This press release bugs me just a bit because the “news” here is being presented as if this extremely important fact about DADT just came to light. Most of us who haven’t been wowed by rockstar DADT activist Dan Choi already knew that women and racial minorities are the groups most affected by DADT. The fact that Choi and other prominent DADT activists have chosen to ignore this fact really grates my nerves.
For some time now, prominent DADT activists have pushed the “highly educated and skilled gay men with really important military jobs are being kicked out of the military” rhetoric. In the meantime, women and racial minorities who were affected by DADT (especially those who don’t have seemingly “important” roles in the military) have been ignored. We’ve seen a very “entitled and privileged gay male” mentality at play with DADT activists. I use the words “entitled” and “privileged” because any servicemember who props himself up to be a bigger loss to the nation’s armed services than someone else is definitely functioning using a privileged and entitled mentality.
With that said, even though the following press release prompted a really nasty knee jerk response, I think it’s worth posting:
LOS ANGELES — The Williams Institute for Sexual Orientation Law and Public Policy at the UCLA School of Law issued results of a new study showing that the proportion of women and racial/ethnic minorities among those discharged under the US military’s “Don’t Ask/Don’t Tell” policy has increased over time. In the late 1990s approximately a quarter of discharges were women and similar proportions were racial/ethnic minorities. In recent years, those proportions have increased to more than a third of the DADT discharges.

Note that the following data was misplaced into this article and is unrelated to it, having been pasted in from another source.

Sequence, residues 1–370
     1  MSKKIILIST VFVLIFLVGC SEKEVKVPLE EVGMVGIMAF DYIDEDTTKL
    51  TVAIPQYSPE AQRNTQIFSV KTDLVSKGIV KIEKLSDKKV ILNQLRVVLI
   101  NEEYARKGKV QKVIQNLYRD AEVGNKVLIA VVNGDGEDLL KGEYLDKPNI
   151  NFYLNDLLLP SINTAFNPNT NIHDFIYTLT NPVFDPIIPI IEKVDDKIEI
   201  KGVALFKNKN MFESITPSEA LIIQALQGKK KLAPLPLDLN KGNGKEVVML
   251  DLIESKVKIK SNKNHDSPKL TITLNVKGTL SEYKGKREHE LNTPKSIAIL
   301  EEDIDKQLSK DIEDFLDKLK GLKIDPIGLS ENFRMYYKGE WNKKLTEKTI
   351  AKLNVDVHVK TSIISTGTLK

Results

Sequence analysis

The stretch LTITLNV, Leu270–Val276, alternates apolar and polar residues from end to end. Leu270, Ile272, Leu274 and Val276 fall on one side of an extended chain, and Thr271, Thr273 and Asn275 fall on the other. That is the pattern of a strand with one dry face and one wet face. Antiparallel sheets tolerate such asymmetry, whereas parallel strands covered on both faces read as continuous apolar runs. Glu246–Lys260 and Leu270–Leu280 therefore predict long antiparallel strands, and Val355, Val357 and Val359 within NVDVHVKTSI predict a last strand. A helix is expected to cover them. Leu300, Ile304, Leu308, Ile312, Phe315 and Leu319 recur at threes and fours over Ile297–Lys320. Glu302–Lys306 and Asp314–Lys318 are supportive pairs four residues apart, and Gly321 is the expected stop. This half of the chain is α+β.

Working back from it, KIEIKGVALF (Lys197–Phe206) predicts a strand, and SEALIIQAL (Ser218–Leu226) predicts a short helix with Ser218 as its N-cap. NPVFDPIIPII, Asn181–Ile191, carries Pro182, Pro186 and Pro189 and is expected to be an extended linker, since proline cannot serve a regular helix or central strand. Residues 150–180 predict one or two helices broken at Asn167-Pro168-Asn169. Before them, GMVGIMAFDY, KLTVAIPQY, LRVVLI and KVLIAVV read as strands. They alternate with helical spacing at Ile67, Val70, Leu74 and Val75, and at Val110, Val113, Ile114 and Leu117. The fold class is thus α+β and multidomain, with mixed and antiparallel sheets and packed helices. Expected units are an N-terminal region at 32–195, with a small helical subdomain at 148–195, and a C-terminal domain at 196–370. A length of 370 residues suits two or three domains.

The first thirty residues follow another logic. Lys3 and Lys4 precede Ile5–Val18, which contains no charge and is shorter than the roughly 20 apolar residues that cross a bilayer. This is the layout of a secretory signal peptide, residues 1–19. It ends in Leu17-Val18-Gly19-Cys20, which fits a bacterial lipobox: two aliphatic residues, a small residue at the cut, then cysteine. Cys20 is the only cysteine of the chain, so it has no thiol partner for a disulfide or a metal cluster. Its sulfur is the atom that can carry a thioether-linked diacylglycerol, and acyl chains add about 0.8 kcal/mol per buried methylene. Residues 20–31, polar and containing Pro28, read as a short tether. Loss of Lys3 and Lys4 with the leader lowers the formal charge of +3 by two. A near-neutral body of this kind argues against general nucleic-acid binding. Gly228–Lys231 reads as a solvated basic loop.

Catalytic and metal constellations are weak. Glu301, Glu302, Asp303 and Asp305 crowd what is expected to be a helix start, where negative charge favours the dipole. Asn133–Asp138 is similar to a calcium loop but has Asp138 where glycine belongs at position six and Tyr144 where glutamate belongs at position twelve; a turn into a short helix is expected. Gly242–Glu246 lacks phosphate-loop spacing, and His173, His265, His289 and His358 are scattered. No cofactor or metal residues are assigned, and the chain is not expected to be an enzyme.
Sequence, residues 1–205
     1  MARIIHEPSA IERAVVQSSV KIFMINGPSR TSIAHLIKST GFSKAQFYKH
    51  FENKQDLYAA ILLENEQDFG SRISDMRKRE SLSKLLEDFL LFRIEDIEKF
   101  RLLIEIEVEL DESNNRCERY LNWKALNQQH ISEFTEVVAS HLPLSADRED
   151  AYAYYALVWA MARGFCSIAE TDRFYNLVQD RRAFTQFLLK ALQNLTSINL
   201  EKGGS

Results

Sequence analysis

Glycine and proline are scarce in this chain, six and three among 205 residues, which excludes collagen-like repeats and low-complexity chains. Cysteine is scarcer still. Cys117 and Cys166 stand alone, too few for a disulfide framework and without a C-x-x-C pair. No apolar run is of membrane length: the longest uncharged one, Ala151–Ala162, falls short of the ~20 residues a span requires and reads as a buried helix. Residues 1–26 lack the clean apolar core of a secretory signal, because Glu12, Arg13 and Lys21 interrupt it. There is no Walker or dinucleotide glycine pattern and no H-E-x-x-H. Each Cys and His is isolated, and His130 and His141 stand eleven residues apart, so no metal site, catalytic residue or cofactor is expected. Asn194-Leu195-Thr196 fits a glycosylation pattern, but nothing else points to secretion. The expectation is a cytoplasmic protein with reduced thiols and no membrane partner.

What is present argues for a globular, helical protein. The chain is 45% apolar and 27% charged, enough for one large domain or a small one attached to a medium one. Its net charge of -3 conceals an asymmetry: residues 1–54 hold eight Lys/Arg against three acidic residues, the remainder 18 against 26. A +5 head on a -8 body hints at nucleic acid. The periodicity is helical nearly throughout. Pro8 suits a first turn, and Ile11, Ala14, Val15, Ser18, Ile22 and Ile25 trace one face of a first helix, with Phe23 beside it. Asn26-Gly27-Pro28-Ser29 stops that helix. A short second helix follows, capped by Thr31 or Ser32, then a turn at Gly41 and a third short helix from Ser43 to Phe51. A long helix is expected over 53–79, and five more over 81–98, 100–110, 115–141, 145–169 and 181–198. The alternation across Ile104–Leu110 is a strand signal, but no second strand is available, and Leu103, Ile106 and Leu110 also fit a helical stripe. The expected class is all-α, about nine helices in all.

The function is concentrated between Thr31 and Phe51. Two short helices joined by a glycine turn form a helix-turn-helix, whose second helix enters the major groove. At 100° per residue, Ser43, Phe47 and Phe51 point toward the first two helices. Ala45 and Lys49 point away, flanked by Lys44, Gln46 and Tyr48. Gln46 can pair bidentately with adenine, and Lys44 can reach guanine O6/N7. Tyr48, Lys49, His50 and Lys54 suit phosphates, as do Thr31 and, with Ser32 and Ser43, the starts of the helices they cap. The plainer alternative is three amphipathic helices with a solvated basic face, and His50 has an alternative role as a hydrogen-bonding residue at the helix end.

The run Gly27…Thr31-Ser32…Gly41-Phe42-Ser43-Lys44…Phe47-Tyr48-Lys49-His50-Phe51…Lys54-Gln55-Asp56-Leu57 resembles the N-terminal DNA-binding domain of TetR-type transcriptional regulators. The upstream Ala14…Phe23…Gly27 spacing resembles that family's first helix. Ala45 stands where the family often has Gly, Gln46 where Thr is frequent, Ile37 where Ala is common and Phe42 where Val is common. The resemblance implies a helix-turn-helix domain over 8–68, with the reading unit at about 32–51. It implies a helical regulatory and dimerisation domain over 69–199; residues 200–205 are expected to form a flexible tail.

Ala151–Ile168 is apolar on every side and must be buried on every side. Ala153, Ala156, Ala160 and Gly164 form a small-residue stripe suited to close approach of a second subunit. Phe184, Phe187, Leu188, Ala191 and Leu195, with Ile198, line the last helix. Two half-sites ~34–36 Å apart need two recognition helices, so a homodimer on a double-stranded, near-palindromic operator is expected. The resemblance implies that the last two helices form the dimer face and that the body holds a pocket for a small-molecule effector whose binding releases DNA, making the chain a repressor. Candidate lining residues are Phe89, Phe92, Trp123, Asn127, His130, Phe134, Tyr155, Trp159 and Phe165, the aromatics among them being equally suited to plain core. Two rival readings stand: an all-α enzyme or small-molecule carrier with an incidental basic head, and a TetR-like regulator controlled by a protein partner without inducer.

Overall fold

Williams Distinguished Scholar Dr. Gary Gates notes that, “These data document a marked shift in how Don’t Ask/Don’t Tell has been enforced among various demographic groups. It is clear that women and racial/ethnic minorities now bear a larger portion of the burden imposed by the policy than they did when the policy was first implemented in 1993.”
The study analyses the demographic characteristics of the more than 13,500 men and women who have been discharged under Don’t Ask/Don’t Tell and compares those characteristics to those of the US military as a whole and to characteristics of lesbians, gay men, and bisexuals (LGB) serving in the military.
The percentage of women in the military has remained steady at about 14-15% from 1997 through 2008 while the percentage of women discharged under Don’t Ask/Don’t Tell has increased from 22% in 1997 to 39% in 2009. Other Williams Institute analyses suggest that the percentage of women among LGB servicemembers has increased from 32% in 2000 to 41% in 2008.
Racial and ethnic minorities comprise about a third of the US military and comprise a similar proportion of the Don’t Ask/Don’t Tell discharges in 2009. Data from US Census Bureau data on individuals in same-sex couples who say they are either on active duty or in the guard or reserve suggest that about a quarter are non-white. This was true in both 2000 and in 2008.
This study follows a series of Williams Institute reports documenting the impact of the Don’t Ask/Don’t Tell policy. Williams Institute research has shown that: Nearly 71,000 lesbians, gay men, and bisexuals are currently serving either on active duty or among guard and reserve forces in the US military. Since its inception, Don’t Ask/Don’t Tell has cost the US taxpayers as much as half a billion dollars. If the “Don’t Ask Don’t Tell” policy had not been instituted, an estimated 4,000 lesbian, gay, and bisexual personnel would have been retained in the US military each year since 1994.